UK must consider embodied CO2
- Products ,
- Manufacturing ,
- Reporting ,
- Engineering and metals ,
- Life Cycle Analysis
The energy department is risking the UK's climate change ambitions by failing to consider the greenhouse-gas (GHG) emissions generated overseas in making imported products and services, according to the energy and climate change committee
In a new report, MPs warn that by not including emissions related to the consumption of goods made outside the UK, DECC is portraying a false account of the country’s impact on GHG production globally, which could result in more emissions being offshored in the future.
DECC’s calculations, which only count GHGs physically created in the UK, estimate that emissions dropped by 19% between 1990 and 2009; however, Defra figures for the same period reveal that consumption-based emissions rose by 20%.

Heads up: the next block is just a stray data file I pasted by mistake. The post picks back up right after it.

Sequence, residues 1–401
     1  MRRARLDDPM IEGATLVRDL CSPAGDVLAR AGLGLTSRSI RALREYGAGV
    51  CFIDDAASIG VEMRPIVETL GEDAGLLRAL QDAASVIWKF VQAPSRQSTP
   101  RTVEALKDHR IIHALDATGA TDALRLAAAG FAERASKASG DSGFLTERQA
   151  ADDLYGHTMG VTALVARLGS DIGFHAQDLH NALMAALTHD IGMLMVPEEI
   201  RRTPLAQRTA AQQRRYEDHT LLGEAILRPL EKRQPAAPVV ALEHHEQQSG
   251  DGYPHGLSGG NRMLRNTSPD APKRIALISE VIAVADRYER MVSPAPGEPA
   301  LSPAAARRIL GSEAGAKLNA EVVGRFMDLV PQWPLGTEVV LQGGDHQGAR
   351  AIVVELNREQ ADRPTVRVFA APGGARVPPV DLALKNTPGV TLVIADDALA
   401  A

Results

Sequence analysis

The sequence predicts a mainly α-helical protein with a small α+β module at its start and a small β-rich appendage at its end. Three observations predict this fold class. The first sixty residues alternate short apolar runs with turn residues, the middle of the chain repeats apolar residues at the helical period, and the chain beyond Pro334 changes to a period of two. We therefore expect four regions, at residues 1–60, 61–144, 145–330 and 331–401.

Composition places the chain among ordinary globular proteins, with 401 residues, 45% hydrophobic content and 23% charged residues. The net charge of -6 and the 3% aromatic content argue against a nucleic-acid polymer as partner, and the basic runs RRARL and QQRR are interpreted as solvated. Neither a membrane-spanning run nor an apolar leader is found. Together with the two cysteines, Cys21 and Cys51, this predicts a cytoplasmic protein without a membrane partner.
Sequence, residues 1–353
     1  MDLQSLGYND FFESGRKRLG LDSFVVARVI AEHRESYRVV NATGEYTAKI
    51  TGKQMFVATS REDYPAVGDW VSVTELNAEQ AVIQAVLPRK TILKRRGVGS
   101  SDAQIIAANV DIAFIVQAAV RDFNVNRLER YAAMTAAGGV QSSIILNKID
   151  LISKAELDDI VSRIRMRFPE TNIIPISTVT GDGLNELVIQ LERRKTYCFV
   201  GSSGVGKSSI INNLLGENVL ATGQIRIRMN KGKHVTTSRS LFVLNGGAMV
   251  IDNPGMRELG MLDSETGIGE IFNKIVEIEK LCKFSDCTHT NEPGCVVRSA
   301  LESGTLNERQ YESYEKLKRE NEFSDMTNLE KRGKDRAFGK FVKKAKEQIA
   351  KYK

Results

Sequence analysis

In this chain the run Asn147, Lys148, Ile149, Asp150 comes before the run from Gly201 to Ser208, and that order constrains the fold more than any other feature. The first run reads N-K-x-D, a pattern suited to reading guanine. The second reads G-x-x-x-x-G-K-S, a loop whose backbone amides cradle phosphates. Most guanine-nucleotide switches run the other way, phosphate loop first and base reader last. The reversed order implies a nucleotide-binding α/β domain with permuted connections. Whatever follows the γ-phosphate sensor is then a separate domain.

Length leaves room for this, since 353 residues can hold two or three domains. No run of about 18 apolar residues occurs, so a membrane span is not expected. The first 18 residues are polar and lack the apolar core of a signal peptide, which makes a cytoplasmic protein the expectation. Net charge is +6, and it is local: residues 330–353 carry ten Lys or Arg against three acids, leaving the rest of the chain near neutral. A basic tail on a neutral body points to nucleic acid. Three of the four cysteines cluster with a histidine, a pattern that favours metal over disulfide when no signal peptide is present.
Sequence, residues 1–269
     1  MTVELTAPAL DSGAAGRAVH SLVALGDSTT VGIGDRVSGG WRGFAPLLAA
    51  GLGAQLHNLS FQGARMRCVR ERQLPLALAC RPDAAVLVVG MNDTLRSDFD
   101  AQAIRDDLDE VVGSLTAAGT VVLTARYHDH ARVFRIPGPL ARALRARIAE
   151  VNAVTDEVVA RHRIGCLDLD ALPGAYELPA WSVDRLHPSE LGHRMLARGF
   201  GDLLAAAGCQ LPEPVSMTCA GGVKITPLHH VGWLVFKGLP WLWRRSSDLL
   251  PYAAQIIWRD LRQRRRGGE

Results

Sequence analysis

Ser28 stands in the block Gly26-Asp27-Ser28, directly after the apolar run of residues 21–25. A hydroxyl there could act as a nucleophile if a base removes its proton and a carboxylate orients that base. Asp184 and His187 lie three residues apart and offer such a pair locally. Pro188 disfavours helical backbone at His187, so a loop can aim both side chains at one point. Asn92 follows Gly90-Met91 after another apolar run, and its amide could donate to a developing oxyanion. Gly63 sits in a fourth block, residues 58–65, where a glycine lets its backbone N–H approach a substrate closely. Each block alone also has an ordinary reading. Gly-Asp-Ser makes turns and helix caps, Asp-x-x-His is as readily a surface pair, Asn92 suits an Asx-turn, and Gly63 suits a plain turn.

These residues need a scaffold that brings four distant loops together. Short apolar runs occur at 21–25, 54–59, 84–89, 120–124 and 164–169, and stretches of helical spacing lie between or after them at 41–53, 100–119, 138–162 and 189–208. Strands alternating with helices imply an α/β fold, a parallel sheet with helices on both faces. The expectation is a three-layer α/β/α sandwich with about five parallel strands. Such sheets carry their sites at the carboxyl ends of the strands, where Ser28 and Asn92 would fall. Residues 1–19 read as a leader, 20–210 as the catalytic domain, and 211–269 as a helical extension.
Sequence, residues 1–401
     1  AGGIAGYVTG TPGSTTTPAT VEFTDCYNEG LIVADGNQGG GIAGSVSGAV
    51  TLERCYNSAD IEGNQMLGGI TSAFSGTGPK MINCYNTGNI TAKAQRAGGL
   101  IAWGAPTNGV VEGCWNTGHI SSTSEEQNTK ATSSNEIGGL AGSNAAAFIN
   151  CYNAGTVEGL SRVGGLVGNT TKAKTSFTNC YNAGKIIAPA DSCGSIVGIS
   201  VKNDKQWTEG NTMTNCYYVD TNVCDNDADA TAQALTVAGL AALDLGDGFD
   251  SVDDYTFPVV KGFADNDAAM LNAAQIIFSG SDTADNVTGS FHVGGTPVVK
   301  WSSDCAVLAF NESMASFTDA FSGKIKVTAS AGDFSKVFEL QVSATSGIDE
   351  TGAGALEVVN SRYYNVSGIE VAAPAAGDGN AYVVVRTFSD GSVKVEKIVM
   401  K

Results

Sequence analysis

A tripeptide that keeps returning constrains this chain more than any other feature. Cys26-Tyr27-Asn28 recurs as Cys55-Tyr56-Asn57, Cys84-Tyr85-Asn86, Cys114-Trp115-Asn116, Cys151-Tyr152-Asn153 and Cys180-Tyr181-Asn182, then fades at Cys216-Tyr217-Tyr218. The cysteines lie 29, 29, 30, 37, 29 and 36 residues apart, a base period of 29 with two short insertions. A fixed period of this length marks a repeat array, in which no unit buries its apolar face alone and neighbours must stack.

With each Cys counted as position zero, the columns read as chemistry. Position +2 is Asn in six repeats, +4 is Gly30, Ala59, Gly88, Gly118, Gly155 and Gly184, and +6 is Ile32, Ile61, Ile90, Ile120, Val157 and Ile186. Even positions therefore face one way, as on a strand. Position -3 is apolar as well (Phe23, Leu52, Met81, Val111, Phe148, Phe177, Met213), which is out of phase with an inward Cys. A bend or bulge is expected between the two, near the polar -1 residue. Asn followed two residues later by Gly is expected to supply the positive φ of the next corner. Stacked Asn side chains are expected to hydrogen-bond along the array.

“Successive governments have claimed to be cutting climate-changing emissions, but in fact a lot of pollution has simply been outsourced overseas,” argued Tim Yeo, chair of the committee.
“We get through more consumer goods than ever before in the UK and this is pushing up emissions in manufacturing countries like China.”
The report concludes that emissions savings calculated by DECC have been the result of the move from coal to gas-fired power stations and the relocation of manufacturing facilities outside the UK, rather than from more sustainable production and consumption patterns.
It argues that DECC must consider consumption-based emissions alongside territorial emissions to create a true picture of the UK’s global impacts.
Acknowledging the embodied carbon of imports, it states, could give the government greater power to lever improvements in emissions overseas and help to tackle negative consumer behaviour.
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